Mississippi State’s undergraduate elementary teacher preparation program is among the best in the nation when it comes to ensuring these future educators have the essential content and skills they need to teach mathematics.
The National Council on Teacher Quality, a national research and policy organization that regularly evaluates core requirements and practices of over 1,100 programs preparing future elementary teachers, released a new report today [May 17] in which MSU’s undergraduate program earned an A+ designation for its requirements in elementary mathematics. MSU is among only 79 programs in the nation to earn this distinction as an “exemplar” in the new report.
NCTQ evaluated programs for their coverage of both the key mathematics content that elementary teachers need: numbers and operations, algebraic thinking, geometry and measurement, and data analysis and probability, as well as math pedagogy, or how to teach these concepts. The recommended minimum instructional time that future elementary teachers need in these essential math topics is based on guidance NCTQ received from teacher preparation programs, mathematicians and math educators as part of an expert panel. The organization noted that Mississippi State stands apart by meeting 100% of the instructional goals across each of the elementary mathematics topic areas.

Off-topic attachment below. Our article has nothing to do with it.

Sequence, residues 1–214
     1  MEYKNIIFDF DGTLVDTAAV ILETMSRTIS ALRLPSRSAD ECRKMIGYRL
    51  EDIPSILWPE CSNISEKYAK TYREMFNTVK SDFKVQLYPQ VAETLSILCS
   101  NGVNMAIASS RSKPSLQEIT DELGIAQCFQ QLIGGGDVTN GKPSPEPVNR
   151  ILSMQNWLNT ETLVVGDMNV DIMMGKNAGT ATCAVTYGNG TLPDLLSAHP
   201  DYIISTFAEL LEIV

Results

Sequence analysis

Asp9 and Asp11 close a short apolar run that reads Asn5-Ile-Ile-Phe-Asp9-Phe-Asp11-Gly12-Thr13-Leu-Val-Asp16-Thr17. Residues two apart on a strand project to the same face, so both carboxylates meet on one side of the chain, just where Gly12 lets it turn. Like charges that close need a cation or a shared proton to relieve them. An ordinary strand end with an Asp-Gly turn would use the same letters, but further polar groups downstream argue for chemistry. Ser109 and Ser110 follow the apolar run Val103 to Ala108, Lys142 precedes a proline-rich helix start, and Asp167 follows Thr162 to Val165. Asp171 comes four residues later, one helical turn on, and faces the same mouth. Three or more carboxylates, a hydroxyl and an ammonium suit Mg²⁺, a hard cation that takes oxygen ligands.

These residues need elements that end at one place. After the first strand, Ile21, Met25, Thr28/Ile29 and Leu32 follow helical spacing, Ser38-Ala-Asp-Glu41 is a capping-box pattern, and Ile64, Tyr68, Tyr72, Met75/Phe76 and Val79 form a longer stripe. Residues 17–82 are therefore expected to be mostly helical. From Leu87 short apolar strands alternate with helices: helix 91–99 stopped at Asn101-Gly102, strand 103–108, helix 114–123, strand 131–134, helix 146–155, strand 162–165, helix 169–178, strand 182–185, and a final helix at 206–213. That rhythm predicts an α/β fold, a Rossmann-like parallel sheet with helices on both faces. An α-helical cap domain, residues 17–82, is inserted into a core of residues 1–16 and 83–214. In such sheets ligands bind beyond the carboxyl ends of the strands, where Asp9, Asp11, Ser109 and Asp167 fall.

“We are honored to have our elementary mathematics education program earn an A+ rating from the National Council on Teacher Quality,” said Teresa Jayroe, dean of MSU’s College of Education. “Our elementary mathematics education faculty are some of the finest in the country and have worked tirelessly to ensure our teacher candidates enter the field fully prepared across all the content strands.”
Research studies have found that elementary math skills are a strong predictor of whether or not a student will graduate from high school. Recent data has found that students in many states have lost more learning in math than in reading over the past two years and pre-existing gaps in math achievement have worsened since 2020 between low-poverty and high-poverty schools and between majority-White and majority-Black schools, signifying the need for elementary teachers to be well prepared to teach mathematics has never been more urgent.
“We know how much math matters in setting a foundation for students,” said NCTQ President Heather Peske. “The biggest in-school difference we can make for students’ math learning is to make sure their elementary teachers understand key math content and know how to teach math effectively. Mississippi State University should be proud to be among the top teacher preparation programs in the country working towards this goal.”